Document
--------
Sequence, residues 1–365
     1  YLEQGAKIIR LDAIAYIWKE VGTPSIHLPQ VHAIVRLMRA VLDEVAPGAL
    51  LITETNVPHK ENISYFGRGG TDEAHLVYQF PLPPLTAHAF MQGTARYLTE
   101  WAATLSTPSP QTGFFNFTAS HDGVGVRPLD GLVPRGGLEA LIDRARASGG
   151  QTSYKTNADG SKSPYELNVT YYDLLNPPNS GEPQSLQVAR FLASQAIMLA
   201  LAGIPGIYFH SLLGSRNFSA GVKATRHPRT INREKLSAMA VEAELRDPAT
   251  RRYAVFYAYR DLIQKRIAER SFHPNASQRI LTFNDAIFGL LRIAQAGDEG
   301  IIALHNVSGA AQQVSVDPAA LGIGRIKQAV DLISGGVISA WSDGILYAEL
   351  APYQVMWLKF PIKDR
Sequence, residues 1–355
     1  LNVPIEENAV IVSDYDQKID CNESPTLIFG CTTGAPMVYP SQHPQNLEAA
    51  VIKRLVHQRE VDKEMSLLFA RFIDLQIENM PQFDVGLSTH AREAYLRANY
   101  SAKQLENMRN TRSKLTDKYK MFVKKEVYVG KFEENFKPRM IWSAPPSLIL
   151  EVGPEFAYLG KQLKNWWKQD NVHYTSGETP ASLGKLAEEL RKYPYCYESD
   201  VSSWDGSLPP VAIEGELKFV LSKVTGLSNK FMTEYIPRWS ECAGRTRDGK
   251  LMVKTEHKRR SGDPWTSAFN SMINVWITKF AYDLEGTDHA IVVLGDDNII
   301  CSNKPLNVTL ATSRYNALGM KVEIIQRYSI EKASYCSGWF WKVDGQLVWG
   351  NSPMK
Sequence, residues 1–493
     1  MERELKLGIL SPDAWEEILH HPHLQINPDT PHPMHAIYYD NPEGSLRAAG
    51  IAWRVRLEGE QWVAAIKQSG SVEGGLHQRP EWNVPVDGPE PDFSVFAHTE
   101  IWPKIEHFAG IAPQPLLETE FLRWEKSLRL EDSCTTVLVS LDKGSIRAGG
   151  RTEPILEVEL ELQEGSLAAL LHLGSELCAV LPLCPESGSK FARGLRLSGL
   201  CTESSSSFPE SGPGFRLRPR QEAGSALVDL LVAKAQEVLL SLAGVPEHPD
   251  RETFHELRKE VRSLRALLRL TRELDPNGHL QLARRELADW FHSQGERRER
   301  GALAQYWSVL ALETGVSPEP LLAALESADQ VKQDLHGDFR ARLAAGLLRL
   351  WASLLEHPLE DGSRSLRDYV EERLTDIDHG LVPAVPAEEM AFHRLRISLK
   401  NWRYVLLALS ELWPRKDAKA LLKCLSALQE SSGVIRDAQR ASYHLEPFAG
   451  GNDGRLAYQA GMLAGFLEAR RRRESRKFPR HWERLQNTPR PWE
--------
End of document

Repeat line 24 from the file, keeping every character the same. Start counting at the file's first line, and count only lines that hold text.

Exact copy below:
   201  CTESSSSFPE SGPGFRLRPR QEAGSALVDL LVAKAQEVLL SLAGVPEHPD